Thursday, August 11, 2011
Dallas Cowboys kick off pre-season against Denver Broncos
Cowboys attempt to both regroup from lockout ending and regain winning sports legacy taken by other Dallas teams.
They’re not saying much about it, but it can be reasoned that it’s firmly on their minds. While some still doggedly refer to the Dallas Cowboys as “America’s Team,” the Cowboys are now scrambling for R-E-S-P-E-C-T, hoping that they can be just remembered as “Dallas’ Team.” Especially with what the North Texas sports community has seen transpire over the past nine months with their other major league sports franchises.
The Cowboys ended the 2010 regular season with a 14-13 win over the Philadelphia Eagles on January 2, finishing the year with a disappointing 6-10 record. That forgettable finish was engulfed by unprecedented developments, namely:
The Texas Rangers, led by manager Ron Washington, making it into the 2010 World Series in October; FC Dallas making it to the Major League Soccer Championship game in November; Super Bowl XLV being held at Cowboys Stadium on February 6, confirming that the Cowboys’ quest to be the first NFL team to play the Super Bowl on their home field was totally squashed; the Dallas Mavericks finally putting it together to emotionally win their first NBA World Championship in June.
For decades, sports fans in Dallas depended on the Cowboys to bring them a championship, complete with a trophy, rings, a downtown Dallas parade and bragging rights throughout the United States. They’ve fallen well short in the past 15 years. The Dallas Stars NHL hockey franchise has also gotten into the act since then, winning a Stanley Cup crown in 1999.
With all due respect to the other Dallas sports franchises, it’s little consolation for die-hard Cowboys fans; they’re looking for the Cowboys to “make it right again.”
Rejuvenating from lockout
With NFL players being just as much creatures of habit as anyone, the last weekend of training camp for the Dallas Cowboys, at the San Antonio Alamodome, is bringing the football routine to as close to normal proceedings as possible, with some subtle exceptions.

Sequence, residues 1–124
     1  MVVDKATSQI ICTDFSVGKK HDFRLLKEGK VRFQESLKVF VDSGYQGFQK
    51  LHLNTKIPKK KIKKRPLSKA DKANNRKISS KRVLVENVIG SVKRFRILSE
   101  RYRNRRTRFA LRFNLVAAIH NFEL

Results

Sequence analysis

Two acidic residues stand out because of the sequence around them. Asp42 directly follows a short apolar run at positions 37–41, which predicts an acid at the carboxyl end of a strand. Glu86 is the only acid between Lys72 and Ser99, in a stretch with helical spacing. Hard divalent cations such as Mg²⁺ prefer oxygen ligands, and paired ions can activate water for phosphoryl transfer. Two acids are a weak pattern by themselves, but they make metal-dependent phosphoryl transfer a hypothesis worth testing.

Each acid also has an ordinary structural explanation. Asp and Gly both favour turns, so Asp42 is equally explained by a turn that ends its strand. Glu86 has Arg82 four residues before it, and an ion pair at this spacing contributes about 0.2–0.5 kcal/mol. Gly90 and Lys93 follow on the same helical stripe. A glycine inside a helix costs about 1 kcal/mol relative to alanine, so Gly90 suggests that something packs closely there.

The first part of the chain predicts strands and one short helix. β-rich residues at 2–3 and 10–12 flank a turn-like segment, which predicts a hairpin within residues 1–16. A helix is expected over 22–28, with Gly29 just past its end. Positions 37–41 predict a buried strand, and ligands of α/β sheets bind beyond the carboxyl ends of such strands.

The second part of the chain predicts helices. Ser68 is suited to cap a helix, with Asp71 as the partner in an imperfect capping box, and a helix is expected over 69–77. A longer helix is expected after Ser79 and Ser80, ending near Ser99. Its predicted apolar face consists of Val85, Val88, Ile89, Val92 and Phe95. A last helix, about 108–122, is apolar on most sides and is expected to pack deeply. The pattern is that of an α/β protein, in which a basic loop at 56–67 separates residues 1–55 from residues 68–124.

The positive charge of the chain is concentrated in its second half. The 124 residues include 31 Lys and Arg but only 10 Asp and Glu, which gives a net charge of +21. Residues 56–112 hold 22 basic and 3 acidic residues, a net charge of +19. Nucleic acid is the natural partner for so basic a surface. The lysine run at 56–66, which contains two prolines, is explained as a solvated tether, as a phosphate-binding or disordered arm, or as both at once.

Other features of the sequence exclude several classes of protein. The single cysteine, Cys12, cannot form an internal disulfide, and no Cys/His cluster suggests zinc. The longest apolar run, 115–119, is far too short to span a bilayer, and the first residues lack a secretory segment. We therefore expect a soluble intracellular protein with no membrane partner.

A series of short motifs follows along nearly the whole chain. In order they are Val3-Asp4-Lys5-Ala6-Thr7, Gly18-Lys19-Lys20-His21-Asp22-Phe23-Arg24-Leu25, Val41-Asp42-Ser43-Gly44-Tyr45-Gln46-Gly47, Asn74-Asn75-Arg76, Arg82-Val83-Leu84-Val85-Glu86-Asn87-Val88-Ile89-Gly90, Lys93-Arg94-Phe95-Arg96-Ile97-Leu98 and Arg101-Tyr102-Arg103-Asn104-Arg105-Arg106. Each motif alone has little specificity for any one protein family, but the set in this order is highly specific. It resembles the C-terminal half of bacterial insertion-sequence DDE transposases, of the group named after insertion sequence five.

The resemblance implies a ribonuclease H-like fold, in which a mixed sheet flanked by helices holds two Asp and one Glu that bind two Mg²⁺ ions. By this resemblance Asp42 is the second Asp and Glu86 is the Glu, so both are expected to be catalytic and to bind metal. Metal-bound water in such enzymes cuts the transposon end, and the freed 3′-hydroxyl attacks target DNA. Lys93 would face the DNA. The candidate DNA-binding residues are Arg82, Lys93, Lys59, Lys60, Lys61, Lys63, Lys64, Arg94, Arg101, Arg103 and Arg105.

All NFL teams are shaking off both the physical and psychological cobwebs developed during the period of the NFL lockout, as the Collective Bargaining Agreement between the NFL Players Association and the owners was being hammered out deep into the summer days.
Yet, when both sides finally signed on to a new agreement, ending the lockout on July 25, all teams had to go quickly from a dead stop to full speed ahead. Within the respective front offices, that led to an explosion of battles for high quality free agent players and a shakeup of marquee talent in the league.
The Cowboys were no exception, chasing after prized cornerback Nnamdi Asomugha, only to see him go instead to the division rival Philadelphia Eagles. In addition, having to curtail their salary cap forced them waive several veteran players like running back Marion Barber, wide receiver Roy Williams, and offensive lineman Leonard Davis.
The Cowboys were able to keep their eyes on the prize and sign offensive lineman Tyron Smith, their first-round draft pick and veteran lineman Doug Free. They also were able to grab free-agent safety Abram Elam away from the Cleveland Browns.
The leading X-factors to determine if the Cowboys can make it back to the playoffs include: The starting wide receiving corps, now consisting of Miles Austin, Dez Bryant, and either Jesse Holley or Kevin Ogletree; more playing time for running backs Felix Jones and Tashard Choice; the quality of play from the defensive secondary, featuring Elam, Terence Newman (currently injured) Orlando Scandrick, Gerald Sensabaugh, and Mike Jenkins; and the question of if quarterback Tony Romo has the ingredients to take his team to the Super Bowl.
The Cowboys broke camp on Wednesday and start their road to double redemption with their first preseason game Thursday against the Denver Broncos, 7:30 p.m. at Cowboys Stadium.
Pegasus News Content partner - Dallas Weekly
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